I think the days of using PowerPoint to create presentations is officially behind me. Since using the iPad, I have created a few presentations using the Keynote app – which I otherwise wouldn’t ever use. For the Professional Practice module, we have created a presentation (as a group) that I hope we will use on the actual day of presenting. It looks really clean, the animations are so eye catching and the app easy to use. It literally took 5 minutes to learn. Again – it’s very useful to start it on my iPad and continue on my Mac.


In contrast to the above, the FST iPad is able to do some tasks better, but the laptop is MUCH more capable. For example: I can’t code on an iPad or create a website. So having to carry 2 devices around is quite cumbersome.

After updating to iOS 9, the gap between iPad and laptop has become smaller as you can now do more advanced multitasking on the iPad than ever before. As a student,it’s really useful to be able to do 2 things at once on a mobile device – but still no coding.

For the days I don’t have a lot of work to do, I carry the iPad, and other days I carry the MacBook. As a student it’s difficult to carry both around, even if the iPad is light, the weight seems to become heavier at the end of the day. We will see how this turns out.


Tip: Slide Over

The first tip I’m going to share with you is something you won’t be able to live without when you start using it.

If you update to the latest version of iOS on the iPad (Settings > General > Software Update), you’ll be able to use one of the most useful features on iPad.

“Slide over” is a way of using another app, on top of your current one without losing your place. I’ve used this feature countless times in lectures and tutorials to quickly get to my Twitter feed while viewing the lecture slides.


Above: Twitter open on top of Safari

When you’re using an app, such as Safari, simply swipe in from the right edge of the screen to access apps that are compatible with slide over. Not all apps are, but the main ones will be.

You can view the apps that you can use in slide over by sliding it open, then swiping down from the top.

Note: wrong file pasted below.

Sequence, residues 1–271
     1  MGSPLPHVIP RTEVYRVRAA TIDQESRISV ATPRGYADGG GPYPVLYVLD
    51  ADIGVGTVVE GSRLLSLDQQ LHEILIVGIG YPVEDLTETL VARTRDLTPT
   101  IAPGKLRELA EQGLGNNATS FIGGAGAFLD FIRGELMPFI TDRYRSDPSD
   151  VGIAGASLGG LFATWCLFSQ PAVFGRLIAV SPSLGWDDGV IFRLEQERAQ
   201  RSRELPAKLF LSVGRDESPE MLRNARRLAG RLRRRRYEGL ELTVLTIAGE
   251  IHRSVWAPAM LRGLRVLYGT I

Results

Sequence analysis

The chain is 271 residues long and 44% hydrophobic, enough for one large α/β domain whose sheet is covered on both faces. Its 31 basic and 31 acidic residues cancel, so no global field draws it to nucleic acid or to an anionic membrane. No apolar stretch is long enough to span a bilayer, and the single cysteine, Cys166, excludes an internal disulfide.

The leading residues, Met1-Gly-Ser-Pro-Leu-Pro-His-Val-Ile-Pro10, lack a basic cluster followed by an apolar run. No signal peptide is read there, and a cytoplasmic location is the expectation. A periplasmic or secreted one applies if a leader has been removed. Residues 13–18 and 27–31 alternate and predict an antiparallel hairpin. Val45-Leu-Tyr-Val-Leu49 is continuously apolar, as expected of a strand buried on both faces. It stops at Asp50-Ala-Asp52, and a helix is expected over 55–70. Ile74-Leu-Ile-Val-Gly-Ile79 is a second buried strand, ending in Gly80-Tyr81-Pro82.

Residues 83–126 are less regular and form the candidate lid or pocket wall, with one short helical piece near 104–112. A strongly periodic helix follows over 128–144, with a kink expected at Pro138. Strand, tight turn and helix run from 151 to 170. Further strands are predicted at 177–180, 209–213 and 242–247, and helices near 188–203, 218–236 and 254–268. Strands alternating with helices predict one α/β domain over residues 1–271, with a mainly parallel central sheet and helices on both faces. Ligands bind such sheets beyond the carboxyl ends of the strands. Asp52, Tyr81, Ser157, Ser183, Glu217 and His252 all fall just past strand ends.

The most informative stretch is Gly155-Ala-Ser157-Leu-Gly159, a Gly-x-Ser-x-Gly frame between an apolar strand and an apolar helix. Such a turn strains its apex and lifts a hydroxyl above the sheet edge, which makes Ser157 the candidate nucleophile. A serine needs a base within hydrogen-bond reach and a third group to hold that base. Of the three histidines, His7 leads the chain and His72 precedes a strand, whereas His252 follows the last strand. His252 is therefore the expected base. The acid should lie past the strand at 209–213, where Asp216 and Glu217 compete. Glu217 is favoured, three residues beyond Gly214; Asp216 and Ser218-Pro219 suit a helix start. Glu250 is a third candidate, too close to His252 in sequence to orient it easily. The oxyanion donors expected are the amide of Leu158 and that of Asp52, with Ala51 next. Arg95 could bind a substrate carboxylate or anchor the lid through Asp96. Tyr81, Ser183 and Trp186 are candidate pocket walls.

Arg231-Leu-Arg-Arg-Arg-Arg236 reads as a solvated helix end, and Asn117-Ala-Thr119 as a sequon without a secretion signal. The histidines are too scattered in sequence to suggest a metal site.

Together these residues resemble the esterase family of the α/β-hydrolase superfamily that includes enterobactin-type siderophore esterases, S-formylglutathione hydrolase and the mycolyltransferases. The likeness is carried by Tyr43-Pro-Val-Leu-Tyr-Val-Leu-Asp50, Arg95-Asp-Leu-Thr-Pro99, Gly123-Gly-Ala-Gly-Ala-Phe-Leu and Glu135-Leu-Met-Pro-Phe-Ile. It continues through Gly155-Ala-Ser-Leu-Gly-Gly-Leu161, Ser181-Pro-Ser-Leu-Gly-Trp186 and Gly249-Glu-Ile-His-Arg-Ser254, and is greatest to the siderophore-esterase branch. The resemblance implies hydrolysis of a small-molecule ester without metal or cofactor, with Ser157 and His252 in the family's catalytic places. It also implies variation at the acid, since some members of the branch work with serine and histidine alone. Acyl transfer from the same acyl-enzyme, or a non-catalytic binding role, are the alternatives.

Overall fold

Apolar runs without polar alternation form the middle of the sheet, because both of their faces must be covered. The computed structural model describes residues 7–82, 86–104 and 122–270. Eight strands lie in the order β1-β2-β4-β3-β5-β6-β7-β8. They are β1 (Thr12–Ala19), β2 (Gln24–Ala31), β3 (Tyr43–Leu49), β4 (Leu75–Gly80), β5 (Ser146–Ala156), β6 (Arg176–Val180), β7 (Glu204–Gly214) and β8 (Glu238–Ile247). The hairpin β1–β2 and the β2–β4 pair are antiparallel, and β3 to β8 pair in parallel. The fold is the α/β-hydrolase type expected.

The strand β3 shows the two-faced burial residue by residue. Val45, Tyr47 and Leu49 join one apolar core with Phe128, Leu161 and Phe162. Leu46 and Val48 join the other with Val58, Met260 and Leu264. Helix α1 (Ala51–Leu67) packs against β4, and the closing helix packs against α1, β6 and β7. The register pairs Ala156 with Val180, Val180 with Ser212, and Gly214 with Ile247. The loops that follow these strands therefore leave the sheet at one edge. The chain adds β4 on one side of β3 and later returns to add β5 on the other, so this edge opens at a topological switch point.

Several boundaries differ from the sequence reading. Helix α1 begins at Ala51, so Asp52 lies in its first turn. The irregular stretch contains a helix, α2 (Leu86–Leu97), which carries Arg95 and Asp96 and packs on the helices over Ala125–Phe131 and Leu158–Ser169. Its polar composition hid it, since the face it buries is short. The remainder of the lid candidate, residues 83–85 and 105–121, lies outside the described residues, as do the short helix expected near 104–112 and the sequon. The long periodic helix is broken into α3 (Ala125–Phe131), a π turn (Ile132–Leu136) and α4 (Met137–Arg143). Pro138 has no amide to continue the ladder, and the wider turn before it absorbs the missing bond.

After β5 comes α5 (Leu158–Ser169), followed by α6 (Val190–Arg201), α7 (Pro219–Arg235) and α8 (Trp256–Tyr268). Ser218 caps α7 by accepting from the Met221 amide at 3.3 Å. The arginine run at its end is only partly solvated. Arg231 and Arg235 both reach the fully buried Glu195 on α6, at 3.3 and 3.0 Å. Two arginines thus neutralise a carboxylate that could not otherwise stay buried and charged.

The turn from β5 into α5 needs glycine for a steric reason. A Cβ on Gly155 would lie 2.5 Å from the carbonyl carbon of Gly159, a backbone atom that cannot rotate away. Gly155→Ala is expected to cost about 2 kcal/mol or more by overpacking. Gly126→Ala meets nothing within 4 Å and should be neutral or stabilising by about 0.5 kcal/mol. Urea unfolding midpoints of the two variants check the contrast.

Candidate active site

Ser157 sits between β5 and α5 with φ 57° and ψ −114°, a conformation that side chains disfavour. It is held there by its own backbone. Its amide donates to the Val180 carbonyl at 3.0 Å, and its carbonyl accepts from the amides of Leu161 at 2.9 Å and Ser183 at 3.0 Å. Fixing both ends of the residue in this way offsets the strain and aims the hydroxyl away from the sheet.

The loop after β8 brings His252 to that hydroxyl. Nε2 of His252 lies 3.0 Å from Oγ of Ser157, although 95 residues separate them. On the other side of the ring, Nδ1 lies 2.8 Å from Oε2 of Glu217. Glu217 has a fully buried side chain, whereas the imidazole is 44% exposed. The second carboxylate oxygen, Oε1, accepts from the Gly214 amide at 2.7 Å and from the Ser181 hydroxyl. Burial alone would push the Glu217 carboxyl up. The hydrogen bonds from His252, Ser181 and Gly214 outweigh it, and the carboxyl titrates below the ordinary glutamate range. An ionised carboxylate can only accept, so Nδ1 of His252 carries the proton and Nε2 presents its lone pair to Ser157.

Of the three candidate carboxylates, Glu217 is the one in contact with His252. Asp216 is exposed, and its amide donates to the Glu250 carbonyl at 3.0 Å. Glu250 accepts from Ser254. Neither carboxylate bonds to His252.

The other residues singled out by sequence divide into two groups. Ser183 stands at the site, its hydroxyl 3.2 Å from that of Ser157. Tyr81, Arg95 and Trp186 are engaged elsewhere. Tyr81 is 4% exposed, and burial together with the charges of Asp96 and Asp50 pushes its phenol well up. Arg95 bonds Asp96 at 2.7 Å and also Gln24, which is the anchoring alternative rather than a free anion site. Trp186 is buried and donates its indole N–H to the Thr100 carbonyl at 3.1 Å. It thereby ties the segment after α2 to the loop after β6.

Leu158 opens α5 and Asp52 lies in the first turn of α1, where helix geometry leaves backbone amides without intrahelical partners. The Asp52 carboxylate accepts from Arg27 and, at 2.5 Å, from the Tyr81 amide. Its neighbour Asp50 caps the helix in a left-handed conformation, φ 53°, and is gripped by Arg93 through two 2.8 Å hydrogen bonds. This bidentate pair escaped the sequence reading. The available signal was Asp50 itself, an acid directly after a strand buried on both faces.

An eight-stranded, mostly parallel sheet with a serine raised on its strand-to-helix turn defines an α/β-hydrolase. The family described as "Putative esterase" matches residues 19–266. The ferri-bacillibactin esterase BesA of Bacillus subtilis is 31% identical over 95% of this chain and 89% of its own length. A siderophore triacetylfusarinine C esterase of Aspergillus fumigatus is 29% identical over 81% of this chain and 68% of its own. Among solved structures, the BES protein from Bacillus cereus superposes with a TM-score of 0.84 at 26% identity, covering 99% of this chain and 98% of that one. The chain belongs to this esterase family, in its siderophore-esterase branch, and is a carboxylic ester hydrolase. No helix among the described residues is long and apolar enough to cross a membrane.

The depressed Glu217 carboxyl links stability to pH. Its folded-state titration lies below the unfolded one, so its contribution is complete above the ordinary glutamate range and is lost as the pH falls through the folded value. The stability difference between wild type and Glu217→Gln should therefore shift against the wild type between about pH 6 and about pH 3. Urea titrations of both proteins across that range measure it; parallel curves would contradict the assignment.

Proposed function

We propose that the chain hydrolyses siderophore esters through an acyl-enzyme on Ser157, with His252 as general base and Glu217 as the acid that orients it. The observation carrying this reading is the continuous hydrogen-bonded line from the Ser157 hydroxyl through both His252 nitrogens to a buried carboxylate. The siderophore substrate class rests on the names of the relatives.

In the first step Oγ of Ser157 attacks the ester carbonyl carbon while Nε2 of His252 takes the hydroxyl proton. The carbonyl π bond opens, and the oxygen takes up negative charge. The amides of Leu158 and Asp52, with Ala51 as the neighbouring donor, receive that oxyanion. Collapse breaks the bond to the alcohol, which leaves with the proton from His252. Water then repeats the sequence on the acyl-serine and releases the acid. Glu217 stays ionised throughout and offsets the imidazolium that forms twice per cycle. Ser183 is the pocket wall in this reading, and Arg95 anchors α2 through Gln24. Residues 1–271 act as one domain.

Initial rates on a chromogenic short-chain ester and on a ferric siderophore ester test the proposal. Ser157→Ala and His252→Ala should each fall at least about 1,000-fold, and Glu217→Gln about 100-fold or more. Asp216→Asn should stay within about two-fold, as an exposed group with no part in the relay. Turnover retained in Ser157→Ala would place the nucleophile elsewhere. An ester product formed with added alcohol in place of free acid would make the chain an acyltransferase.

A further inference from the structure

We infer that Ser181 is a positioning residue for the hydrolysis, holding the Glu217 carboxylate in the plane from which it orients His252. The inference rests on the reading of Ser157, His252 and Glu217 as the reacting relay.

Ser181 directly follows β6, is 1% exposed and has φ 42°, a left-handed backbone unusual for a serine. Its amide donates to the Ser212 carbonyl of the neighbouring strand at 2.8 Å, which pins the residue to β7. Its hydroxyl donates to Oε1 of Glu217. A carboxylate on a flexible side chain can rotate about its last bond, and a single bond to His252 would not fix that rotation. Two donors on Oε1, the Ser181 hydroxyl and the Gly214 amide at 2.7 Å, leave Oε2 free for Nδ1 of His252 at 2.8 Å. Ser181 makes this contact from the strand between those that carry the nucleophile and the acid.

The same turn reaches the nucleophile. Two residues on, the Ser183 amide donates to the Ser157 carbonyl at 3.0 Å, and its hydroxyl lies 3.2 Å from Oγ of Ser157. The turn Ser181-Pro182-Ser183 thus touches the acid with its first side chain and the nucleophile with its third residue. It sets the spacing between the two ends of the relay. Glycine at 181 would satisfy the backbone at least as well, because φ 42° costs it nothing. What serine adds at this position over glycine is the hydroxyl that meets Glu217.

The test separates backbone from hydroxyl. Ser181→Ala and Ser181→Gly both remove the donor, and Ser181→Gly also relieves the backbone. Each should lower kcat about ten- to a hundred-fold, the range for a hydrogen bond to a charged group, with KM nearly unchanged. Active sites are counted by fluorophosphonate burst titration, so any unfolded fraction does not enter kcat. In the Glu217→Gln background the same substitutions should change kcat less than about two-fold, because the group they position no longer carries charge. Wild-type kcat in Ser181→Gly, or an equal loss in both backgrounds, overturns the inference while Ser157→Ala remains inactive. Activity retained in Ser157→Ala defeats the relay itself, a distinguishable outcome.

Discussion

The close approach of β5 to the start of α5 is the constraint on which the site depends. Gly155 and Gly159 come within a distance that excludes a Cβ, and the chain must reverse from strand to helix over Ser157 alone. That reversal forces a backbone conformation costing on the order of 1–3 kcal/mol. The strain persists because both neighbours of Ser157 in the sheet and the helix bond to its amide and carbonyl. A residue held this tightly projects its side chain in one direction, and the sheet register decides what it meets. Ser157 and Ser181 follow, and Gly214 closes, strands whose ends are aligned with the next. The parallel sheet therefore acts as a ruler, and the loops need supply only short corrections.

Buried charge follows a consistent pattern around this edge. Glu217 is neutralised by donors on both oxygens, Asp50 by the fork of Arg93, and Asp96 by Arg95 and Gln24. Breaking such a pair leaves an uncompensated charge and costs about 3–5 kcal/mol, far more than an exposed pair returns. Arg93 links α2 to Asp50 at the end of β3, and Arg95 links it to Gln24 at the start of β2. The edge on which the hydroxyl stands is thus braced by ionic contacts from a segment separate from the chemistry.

To get out of slide over, just tap the background app. If an app you want to use is not listed, then that means it’s not supported just yet.

Like I mentioned before, this feature is really useful for checking your email or calendar while you’re watching a video or browsing the web. It’s great for taking notes in a lecture where you can have the slides open and Word or Pages on top





Welcome to my iPad diary.

My name is Irfan and I’m currently in my second year studying Computer Science BSc at the University of Westminster.

As part of a huge pilot project at the University of Westminster, we have been given iPads in an effort to transform learning. They’ve been given to us as a tool to assist lecturers and students to learn in  a more fun, different and engaging way. There has been a lot of fuss about this and why not – it’s the biggest project in any university in the UK.

Since I am always eager to get my hands on technology and talk about it, I not only volunteered to become a student digital ambassador, but I also volunteered to create this blog.

I’ve created this blog to document my use of iPad and how its helped me learn at uni even better. I will use it as a central hub to write about things I like about using it in lectures and tutorials and things I don’t like.

As a student digital ambassador (there are loads of us!) It’s my duty to make sure these iPads are being used to their full potential. Also helping them be integrated as much as possible in fellow classmmates learning environments – while at the time, encouraging everyone become more “digital”.

It’s not all work and no play! I will be documenting any interesting apps and tips that I find useful on iPad, on this blog too.

I hope you will enjoy reading these posts which will be written at least   once a week.